None.

No one had the time or energy to listen to him.

Getting drunk was so much for more fun! Whee!

I could see my friend's dad was baffled, and since I don't work with any of them I decided to step on some toes. In a very passive aggressive way. Switzerland taught me...not so well.

"It is really pathetic," I loudly said to my friend, "When a doctor who is concerned about saving the lives of the people in this room, and their loved ones, can't get 20 minutes of attention. How immature to not be able to pay attention to someone outside of your orbit."

That got their attention.

And they got right defensive.

Too bad I have no fucks left to give for what anyone thinks about me. I could not care less. Whisper about me, that's fine. My response was, "Nope, looks like people still can't listen. Juvenile."

Apart from my friend's dad, who laughed, I didn't make a lot of friends. Which is fine, I wasn't there to make friends. I was there to eat FREE FOOD, and also to learn about how we can improve our hospital.

But in...fairness(?)...to the millennials, I looked around the room and the lack of courtesy and respect was seen at every age group. Because while most people weren't chatting to each other while someone was speaking, the majority of people were on their phones. I was disgusted.

Twenty GD minutes is all he spoke for, and he was passionate about his subject, and no one could pay attention. He was sandwiched between two speakers, so in total, for the entire night, we might have had to listen and pay attention for 45 minutes to an hour, tops.

Is that too much to ask? Are our attention spans so low that we can't pay attention for an hour? We have to giggle with our friends or scan the sports scores or check Facebook?

People, what the fuck is happening to us as a species? Our minds, the tool that separates us from other species on the planet, are completely addicted to the little dopamine packs we carry around in our pockets. We are collectively addicted to our phones, and it's at a great detriment to society. What does that say about the road we're driving down when can't listen  to people before us, because the itch to check our phones causes us to almost immediately check out.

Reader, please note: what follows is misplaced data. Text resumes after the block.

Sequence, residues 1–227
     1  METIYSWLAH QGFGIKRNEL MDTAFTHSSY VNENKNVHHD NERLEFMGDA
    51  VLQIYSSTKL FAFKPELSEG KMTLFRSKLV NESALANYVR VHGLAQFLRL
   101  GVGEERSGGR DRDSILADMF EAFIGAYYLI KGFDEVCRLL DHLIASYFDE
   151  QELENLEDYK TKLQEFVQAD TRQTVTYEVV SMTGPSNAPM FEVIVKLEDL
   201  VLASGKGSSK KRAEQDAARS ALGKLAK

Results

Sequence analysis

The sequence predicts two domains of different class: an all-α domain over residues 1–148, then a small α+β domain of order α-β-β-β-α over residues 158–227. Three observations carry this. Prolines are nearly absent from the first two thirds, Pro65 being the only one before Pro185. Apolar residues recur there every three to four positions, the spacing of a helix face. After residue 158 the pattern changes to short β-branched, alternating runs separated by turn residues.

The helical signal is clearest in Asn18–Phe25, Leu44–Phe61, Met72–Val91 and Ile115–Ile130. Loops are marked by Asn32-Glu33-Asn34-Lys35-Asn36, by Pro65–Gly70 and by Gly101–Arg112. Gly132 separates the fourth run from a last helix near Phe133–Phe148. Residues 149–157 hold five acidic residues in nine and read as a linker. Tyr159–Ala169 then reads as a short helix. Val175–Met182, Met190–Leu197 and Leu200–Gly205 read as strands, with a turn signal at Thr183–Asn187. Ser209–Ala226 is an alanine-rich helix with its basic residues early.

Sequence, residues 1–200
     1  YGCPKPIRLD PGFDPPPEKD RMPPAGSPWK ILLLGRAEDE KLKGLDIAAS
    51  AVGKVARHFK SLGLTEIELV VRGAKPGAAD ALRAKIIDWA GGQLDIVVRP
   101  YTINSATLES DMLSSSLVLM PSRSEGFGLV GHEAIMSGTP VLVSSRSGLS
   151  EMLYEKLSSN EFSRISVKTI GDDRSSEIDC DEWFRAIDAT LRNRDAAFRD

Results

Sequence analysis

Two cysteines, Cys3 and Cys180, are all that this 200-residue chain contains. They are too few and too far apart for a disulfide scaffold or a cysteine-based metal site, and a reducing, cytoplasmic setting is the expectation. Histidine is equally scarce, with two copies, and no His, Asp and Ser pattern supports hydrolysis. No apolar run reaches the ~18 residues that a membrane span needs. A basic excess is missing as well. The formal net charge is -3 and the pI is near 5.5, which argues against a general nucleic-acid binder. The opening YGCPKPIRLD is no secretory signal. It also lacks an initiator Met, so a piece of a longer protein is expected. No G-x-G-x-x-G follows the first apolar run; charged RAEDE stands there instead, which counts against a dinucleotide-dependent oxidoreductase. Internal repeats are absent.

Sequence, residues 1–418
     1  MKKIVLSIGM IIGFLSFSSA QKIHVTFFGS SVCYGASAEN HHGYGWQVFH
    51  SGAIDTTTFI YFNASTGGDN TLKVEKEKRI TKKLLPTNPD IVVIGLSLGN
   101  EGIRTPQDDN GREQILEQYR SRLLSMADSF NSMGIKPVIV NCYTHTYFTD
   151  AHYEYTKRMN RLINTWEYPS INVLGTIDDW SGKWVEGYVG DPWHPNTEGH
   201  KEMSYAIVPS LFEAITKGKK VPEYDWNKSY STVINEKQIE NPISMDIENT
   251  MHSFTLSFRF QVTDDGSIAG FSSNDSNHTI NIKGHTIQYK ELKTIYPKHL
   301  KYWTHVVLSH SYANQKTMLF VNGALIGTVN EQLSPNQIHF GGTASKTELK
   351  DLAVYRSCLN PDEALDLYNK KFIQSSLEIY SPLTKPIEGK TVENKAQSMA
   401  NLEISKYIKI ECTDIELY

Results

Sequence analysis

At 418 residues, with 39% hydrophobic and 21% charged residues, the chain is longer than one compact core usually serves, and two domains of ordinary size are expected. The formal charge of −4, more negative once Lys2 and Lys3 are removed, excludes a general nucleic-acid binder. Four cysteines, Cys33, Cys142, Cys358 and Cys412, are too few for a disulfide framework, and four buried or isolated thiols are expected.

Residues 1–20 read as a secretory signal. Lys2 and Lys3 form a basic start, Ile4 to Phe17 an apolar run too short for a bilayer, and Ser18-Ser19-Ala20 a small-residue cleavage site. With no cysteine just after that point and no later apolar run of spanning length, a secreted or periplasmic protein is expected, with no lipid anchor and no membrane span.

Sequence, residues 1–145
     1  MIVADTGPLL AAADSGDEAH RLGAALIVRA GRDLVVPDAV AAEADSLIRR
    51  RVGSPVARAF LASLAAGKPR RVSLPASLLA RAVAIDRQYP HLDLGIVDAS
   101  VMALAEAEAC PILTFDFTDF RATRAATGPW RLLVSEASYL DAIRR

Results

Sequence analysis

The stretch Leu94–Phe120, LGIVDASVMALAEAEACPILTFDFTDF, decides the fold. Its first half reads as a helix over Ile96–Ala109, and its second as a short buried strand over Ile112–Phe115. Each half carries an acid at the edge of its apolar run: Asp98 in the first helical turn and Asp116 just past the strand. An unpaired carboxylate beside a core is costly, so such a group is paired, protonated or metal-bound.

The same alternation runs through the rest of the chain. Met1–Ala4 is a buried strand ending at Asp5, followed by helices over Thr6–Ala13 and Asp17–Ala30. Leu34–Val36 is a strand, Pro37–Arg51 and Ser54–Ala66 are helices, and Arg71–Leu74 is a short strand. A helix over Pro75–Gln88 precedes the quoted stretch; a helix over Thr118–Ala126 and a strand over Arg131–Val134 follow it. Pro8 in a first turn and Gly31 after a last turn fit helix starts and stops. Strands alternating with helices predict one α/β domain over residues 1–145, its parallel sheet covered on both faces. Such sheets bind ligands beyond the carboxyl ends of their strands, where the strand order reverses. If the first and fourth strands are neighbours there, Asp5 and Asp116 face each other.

I wanted to stand up and scream, "Look at you all! Look at you! Show some courtesy! Pay attention! Grab a fucking ATTENTION SPAN!"

Snippy Bitch out.

Saturday, 8 April 2017

Hey Neighbour

One night, after we'd first moved to our new house, we got home late from a dinner at my sister's place, and as we drove into the driveway we noticed something really odd: a lumpy bag that had been tossed by our front door.

Everyone we knew had been at my sister's house for dinner, and it wasn't possible we'd forgotten anything that would have been driven up and discarded by our front door before we could make it home.

We. Were. Suspicious.

"What...is that?" I hissed at Dan.

"I have no freaking clue," he muttered. "It looks like a bag with a dead animal in it."

And it did. It was a freakishly shaped bag that in the glow of the moonlight (which was the only light we had to go on after we cut the engine) looked like the shape of a feline corpse.

COSMO?!

"Are our neighbours freaks?!" I exclaimed.

We got out of the car, and I put Lil inside (Cosmo greeted us).

Up close the bag was a white plastic shopping bag, and it was dirt brown on the inside and still we couldn't make out its contents.

Dan grabbed his hockey stick and from a distance we started poking and slapping this strange bag. What the fuck was it?! Not a lot of resistance was met with, and we decided if it was a dead animal or something of that nature surely our hockey stick prodding would have made that immediately obvious.

Carefully we crept towards it.

"Don't touch it!" Dan chivalrously ordered. "You're pregnant!" He gave it one last vicious slam of the hockey stick before crouching down.

I stood back while he carefully opened the bag.

"It's..."

"What?! What?! Are we living in a neighbourhood of freaks?!"

"It's..."

"Yeah?!"

"Dirty carrots."

Huh?

Turns out our neighbour had a bountiful carrot harvest, and she dropped a whole bag at our front door with a lovely little handwritten note: "Welcome to the neighbourhood, here are some carrots fresh from my garden. Gale."

Oh my god.

WE were the freaks. It was US.

Imagine Gale looked out her window and saw Dan beating her carrots with his hockey stick? Imagine?! We were so used to neighbours leaving passive aggressive notes that, if acted out, were the equivalent of pulling on someone's hair while hissing in their ear, we had forgotten that some people are actually friendly.

What had become of us?! Switzerland hardened us! Our time in our rental had hardened us!

The next day we thanked Gale for the carrots, and she invited us in for a tea. We had a lovely chat where Dan and I were on our best behaviour, and a lovely and neighbourly relationship with Gale has developed. I'm proud of this relationship, because she's the only neighbour we have who is friendly and neighbourly. No one else around us gives a crap.

We still haven't told Gale that we beat her carrots to death with a hockey stick because we're still hoping that she thinks we're nice and normal, too. 

Monday, 3 April 2017